Given the amendment formulas applicable in Canada’s Constitution, could we describe it as a flexible document? Will our Constitution be able to adapt to changing times? How would the Meech Lake Accord have amended the formulae for Canada’s Constitution?

Given the amendment formulae’s applicability to Canada’s constitution, I would describe it as a  flexible document.  There are several methods of amendment which are flexible. The constitution will be able to adapt to change with the flexibility it currently holds. Parliament may be able to pass and make changes as long as it is within their constitutional rights. The Meech Lake accord 1987 laid out five conditions for its acceptance of the constitution; the recognition of Québec as a district semi state, a larger provincial role in immigration, a provincial input into appointment to the supreme court of Canada, limitations on the federal spending powers and a veto for Quebec on constitutional amendments. Ministers then agreed to the five principals of Québec proposals at Meech Lake.

Is the federal principle incorporated in the Constitution Act, 1867 destined to undergo major amendment in the future? What areas are likely to be most controversial?

I think that if we look at the government of the first Prime Minister John Alexander McDonald we find that the role he had planned out for the provinces was very small; he saw the federal government as being the absolute central power in Canada, ruling over the provinces as though they were only English counties. This is so called “colonial federalism”. The adoption of the constitution in 1867 was a major amendment reflecting provincial anger at federal tyranny. In our time, what is controversial about the constititional amendemnts are the sharing of power and public funds between Ottawa and the provinces and among the provinces themselves. Intra governmental relations are the key issue in modern Canadian politics.

The US constitution has survived for over 200 years because of its amendment flexibility and its broad grants of authority and generalities. Compare the constitutions of Canada and the United States with respect to these characteristics. What are the strengths and weaknesses of both documents?

The US constitution did not include a bill of rights; the concept of federalism was originally conceived by the framers of the constitution and has been reinterpreted under the pressures of a changing society, making new and different demands on government.  The constitution continues to change as time goes on; it has been amended 27 times, even though 1100 amendments have been introduced into congress. The constitution has been elaborated, enlarged and updated to evolve with society as it needs to.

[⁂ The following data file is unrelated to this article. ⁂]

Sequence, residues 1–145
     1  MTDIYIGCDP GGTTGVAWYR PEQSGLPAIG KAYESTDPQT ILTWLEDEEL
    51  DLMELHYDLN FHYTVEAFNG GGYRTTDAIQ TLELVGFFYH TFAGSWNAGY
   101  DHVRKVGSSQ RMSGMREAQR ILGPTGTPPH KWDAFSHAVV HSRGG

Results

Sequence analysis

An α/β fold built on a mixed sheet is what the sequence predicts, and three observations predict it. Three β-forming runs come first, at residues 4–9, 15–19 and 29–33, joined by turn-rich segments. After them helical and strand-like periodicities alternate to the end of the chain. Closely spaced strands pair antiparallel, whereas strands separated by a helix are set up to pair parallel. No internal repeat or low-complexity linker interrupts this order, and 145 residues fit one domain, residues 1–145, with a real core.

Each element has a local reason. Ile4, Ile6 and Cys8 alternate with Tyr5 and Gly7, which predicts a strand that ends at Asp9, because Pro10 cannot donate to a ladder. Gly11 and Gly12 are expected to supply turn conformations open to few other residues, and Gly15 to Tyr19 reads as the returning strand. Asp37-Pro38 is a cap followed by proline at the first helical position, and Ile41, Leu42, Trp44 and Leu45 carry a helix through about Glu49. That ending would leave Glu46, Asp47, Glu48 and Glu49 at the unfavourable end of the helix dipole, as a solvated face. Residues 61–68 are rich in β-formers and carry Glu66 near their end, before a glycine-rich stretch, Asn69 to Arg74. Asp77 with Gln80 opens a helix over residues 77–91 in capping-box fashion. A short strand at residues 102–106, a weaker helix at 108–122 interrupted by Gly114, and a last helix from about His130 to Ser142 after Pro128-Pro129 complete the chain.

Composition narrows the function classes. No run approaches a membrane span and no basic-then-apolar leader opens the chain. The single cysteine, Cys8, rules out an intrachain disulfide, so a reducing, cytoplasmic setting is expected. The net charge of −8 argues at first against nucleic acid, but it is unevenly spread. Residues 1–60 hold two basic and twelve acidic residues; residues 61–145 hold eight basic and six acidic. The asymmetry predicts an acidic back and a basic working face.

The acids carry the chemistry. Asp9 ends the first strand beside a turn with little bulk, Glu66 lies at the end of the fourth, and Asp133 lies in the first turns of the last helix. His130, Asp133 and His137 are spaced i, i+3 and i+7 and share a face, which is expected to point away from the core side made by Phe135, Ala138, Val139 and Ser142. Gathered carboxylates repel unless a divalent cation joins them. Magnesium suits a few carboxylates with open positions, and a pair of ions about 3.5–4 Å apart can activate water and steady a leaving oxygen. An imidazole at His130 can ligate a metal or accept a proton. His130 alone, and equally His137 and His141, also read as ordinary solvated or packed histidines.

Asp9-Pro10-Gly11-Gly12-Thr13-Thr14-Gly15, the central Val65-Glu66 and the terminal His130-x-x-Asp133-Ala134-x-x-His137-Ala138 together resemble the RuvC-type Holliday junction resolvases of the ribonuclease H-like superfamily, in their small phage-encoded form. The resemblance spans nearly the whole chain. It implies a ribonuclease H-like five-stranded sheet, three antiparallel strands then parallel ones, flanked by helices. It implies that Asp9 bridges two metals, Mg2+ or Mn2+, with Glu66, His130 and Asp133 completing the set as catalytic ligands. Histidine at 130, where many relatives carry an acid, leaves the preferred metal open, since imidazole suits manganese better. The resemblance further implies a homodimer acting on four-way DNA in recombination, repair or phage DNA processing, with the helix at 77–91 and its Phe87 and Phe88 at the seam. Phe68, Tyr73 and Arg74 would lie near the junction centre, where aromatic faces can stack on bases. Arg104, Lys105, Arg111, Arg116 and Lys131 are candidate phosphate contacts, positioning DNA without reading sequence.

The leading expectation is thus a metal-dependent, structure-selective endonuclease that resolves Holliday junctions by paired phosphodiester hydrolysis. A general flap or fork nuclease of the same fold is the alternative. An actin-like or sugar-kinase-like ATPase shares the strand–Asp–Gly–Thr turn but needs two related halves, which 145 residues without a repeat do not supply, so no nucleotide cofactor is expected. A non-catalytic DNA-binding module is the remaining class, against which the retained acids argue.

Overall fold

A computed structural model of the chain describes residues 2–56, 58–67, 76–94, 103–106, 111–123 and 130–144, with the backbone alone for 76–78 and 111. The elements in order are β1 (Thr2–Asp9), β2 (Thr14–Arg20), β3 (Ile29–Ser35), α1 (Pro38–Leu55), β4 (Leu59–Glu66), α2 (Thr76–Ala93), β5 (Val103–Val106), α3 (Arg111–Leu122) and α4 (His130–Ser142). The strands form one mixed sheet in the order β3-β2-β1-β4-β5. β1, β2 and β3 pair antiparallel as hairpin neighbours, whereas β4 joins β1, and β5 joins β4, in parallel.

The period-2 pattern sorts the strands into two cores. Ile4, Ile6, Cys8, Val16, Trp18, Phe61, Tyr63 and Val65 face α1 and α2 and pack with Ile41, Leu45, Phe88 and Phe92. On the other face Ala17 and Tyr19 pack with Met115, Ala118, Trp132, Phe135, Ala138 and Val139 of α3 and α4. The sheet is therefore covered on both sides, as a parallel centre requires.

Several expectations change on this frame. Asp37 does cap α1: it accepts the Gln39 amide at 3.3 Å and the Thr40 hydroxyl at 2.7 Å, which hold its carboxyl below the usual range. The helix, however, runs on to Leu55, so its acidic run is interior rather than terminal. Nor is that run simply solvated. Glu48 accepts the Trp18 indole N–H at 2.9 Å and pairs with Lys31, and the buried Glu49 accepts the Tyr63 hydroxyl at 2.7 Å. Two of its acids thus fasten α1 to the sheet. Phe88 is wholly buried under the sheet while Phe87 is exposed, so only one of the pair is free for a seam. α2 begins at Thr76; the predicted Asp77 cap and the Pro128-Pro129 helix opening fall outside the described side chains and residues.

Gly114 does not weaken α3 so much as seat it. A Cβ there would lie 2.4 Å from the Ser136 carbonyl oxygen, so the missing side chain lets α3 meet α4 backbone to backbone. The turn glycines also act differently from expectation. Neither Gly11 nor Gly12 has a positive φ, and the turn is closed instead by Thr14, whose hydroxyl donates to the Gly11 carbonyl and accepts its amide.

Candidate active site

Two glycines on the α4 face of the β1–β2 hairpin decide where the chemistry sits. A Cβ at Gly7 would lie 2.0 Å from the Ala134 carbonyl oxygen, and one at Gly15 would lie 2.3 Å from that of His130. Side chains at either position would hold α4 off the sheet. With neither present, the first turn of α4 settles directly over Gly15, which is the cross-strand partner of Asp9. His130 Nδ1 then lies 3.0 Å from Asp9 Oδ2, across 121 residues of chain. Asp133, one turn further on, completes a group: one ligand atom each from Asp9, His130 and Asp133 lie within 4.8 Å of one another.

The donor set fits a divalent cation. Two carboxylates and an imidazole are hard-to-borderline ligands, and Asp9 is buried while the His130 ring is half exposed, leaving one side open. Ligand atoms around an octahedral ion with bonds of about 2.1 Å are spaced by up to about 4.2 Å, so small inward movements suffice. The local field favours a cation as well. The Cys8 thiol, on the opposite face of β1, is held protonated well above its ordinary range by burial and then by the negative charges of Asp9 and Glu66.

In Canada the original constitution did not include the bill of rights as well.  The Constitution does permit constitutional changes and formulae to change the content of the Constitution. The Constitution Act of 1867 granted parliament the power to make laws for peace, order and good government. There are five methods applicable to the broad areas of constitutional reform, some require approval of the House of Commons and the Senate as well as the legislative assemblies of at least two-thirds of the provinces with at least 50 percent of the population of all provinces, and rights are guaranteed by the constitution but may be limited by parliament.


It is sometimes argued that democracy would not be possible in contemporary societies without political parties. Discuss what these institutions are and how through them a public is able to gain access to the governing elite, hold them accountable, and influence public policies.

Political parties are groups of people united in their opinion or action, more or less permanently organized, who want to elect their candidates to public office so as to influence or control the actions of government.  The public is able to gain access to the government elite by voting and selecting specific political groups to be able to protect the citizens from the government. The population controls the vote, and how they vote is how the political party in office is selected.

Political parties are often characterized by ideological and organizational rifts. Discuss how parties are able to maintain unity in the face of internal forces of fragmentation.

The vital survivability factor in a political party is its ability to stay together in the face of fragmentation and personality conflicts and power vacuums. Assimilation and harmonization of members is essential to presenting a united front.

Compare the roles of political parties in democratic and non-democratic states.

In most non-democratic states, people cannot go against their leaders because of the fear of severe punishment. Interest groups activity and interest articulation exist, but only on a relatively small scale and under controlled circumstances.

In democratic political systems, parties may play a crucial role in making and implementing public policy; however because of the competitive nature of democratic political systems, organizations other than political parties also shape the state.

In democratic and non-democratic states, they mobilize people, represent their interests, provide for compromise among competing groups and are the vehicles that recruit the leaders of most contemporary nation-states.

Identify and discuss the various functions of political parties with particular reference to how they recruit political leaders, socialize the masses, and aggregate political interests in a society

The manners in which political parties will elect leaders; elect members; and enact candidates, differ widely. Different ways to recruit include appointment, election and party conventions.  Another important function of political parties is to socialize the masses by converting opinions, attitudes, beliefs and preferences into coherent policies.  Interest aggregation is the joining of interest in such a way that they are related to the selection of government and party leaders and to the making and administrating of policy